Wednesday, August 31, 2011

even for the best and brightest...

When you realize that hands make us smarter, that they are the source of all human wisdom, that the hand and brain co-evolved as a behavioral system, that one without the other is diminished, that the former is not the boobie prize, but that both together are the team that leads all students toward best expression, maximum creativity, greatest intelligence, along with the maximum development of human character, you have suddenly grasped the small but significant key to the renewal of American education.

Put the hands to work in learning in EVERY class. Turn schools into learning-making laboratories. Restore the arts, music and woodshop  to their rightful place in our nation's schools.  The strategic implementation of the hands can make school more interesting to the kids, more fun and creative for teachers. Instead of having teachers' hands tied to set curriculum, set them free to share an enthusiasm for learning. Folks, this is not just about wood shop and the stupidity that erased it from most schools, but about the foolishness that left American educators thinking that the hands need not be present for the mind to win.

I am preparing for next week's classes at Clear Spring School. I have fun imagining projects and then watching the children grow. I received a bunch of saws and chisels from Lee Valley so that my middle school and high school students can begin making hand crafted wooden boxes. Dovetails will be cut. The high school students will be making easels for their art class. The first grade students will have their first chance to work with a saw and plane, making sloyd pencil sharpeners.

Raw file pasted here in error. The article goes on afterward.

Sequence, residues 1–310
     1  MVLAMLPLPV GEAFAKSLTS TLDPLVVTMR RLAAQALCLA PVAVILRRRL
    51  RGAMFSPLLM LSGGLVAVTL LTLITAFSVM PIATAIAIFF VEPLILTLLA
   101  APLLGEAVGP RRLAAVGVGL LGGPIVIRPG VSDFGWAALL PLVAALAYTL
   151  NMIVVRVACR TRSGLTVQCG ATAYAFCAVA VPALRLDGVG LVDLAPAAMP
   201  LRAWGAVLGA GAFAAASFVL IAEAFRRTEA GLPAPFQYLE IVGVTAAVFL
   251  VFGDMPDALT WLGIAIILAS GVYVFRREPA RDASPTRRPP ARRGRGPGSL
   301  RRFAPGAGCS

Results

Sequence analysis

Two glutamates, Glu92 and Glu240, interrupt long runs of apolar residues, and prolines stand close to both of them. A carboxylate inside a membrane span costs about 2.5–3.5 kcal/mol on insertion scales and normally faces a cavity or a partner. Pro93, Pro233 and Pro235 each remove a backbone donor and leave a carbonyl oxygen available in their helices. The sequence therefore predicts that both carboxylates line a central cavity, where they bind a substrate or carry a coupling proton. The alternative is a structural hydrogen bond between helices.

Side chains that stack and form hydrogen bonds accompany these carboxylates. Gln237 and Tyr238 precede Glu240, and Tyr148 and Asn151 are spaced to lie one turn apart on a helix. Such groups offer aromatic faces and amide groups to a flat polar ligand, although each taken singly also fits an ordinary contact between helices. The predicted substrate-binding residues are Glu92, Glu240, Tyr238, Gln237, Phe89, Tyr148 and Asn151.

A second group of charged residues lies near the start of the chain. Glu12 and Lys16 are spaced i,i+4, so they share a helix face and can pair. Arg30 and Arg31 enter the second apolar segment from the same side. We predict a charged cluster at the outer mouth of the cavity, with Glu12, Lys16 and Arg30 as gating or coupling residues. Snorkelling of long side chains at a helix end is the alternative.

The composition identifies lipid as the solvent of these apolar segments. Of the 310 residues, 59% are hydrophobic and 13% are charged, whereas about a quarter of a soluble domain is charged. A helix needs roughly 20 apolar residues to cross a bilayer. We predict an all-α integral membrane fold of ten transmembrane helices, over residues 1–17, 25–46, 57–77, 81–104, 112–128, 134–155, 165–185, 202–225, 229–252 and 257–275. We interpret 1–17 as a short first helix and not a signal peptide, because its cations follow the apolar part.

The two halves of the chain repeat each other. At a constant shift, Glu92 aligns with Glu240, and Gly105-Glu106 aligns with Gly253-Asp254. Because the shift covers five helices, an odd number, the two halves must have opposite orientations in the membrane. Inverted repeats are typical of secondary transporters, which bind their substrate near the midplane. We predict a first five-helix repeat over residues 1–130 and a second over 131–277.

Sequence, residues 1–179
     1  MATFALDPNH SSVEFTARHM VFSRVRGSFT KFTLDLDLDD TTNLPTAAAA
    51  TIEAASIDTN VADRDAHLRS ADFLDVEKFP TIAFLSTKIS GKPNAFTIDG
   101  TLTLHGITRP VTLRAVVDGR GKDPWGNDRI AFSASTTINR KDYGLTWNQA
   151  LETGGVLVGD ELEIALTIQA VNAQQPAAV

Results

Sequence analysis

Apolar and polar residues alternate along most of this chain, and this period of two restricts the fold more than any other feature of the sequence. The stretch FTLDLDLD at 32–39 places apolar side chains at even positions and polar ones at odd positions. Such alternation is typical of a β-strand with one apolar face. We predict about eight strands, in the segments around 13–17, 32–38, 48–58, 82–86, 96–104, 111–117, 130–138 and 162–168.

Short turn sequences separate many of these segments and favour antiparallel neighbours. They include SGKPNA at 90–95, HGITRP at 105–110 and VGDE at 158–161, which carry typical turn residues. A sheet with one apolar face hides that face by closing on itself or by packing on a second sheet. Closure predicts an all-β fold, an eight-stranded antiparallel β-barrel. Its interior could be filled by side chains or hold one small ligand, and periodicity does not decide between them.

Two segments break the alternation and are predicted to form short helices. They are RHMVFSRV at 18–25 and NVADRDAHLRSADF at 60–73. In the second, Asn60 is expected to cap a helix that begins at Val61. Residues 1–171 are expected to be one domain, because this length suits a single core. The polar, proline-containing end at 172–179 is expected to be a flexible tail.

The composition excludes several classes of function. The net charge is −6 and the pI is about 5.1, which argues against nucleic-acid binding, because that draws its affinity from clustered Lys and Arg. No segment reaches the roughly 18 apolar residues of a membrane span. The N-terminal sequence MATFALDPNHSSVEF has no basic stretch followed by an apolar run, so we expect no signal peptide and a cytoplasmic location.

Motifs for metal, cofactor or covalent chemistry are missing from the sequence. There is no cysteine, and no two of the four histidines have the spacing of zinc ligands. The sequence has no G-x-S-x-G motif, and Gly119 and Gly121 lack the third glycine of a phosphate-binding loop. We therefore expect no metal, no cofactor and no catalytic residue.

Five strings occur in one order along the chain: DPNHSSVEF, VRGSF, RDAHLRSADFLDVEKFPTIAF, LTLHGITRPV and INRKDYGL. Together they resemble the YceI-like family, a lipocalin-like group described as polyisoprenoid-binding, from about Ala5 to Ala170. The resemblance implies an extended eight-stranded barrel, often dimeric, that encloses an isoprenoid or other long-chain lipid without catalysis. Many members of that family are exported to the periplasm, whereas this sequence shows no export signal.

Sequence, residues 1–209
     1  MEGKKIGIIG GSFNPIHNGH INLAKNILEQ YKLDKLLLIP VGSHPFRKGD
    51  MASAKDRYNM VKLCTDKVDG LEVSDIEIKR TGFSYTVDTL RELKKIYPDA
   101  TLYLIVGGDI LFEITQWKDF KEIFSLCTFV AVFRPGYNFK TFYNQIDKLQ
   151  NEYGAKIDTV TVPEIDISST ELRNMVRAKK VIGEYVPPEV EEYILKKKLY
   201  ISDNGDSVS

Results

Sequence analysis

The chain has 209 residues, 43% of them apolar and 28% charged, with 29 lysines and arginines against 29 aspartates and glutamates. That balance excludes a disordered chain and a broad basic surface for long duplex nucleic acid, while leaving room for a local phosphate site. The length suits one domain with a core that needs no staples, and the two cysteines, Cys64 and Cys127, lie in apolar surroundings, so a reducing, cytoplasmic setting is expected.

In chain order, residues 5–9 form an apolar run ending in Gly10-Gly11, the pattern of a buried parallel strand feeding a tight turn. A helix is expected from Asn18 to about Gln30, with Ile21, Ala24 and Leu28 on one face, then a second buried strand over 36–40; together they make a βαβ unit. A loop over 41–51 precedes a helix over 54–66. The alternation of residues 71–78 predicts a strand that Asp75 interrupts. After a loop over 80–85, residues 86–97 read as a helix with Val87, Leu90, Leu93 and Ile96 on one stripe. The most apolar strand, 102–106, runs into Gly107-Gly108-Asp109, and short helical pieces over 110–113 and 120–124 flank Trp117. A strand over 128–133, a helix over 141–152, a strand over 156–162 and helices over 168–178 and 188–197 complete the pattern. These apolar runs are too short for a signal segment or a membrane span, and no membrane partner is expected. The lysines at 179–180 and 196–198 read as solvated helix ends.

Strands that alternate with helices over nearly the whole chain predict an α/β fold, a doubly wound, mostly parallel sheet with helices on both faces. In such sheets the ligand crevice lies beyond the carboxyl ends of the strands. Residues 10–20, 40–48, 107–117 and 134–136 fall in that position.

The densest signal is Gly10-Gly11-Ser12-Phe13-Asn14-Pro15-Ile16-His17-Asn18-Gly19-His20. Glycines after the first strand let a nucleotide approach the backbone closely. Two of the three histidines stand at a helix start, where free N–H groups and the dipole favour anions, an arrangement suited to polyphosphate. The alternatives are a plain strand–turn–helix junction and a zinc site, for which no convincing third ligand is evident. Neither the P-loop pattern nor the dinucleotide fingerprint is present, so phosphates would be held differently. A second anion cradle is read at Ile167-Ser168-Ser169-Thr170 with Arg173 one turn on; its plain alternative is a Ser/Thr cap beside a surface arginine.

I will be having fun teaching others to love working with wood. The photos show two current projects in the works for CSS. I've been making an adaptation of the Hamilton style marking to use when the students cut dovetails, and I made a simple prototype musical instruments, which I call  a "frog box." The frog boxes are inspired by a musical instrument I brought back from Costa Rica in January. You rub a stick on the frog's back to make a frog sound. Put several to work and you have a chorus. Mine doesn't look much like a frog (the one I brought from Costa Rica does), but will be fun for the 4th 5th and sixth grade students to make. It is made from thin strips of scrap mahogany, and thin slices of 2x4, sawn vertical against the fence. The notched strip for rubbing is also made of scrap mahogany.

I will simply reiterate, the hands are tied in direct relationship to the growth of intellect, even for the best and brightest of our nation's kids.

Make, fix and create...

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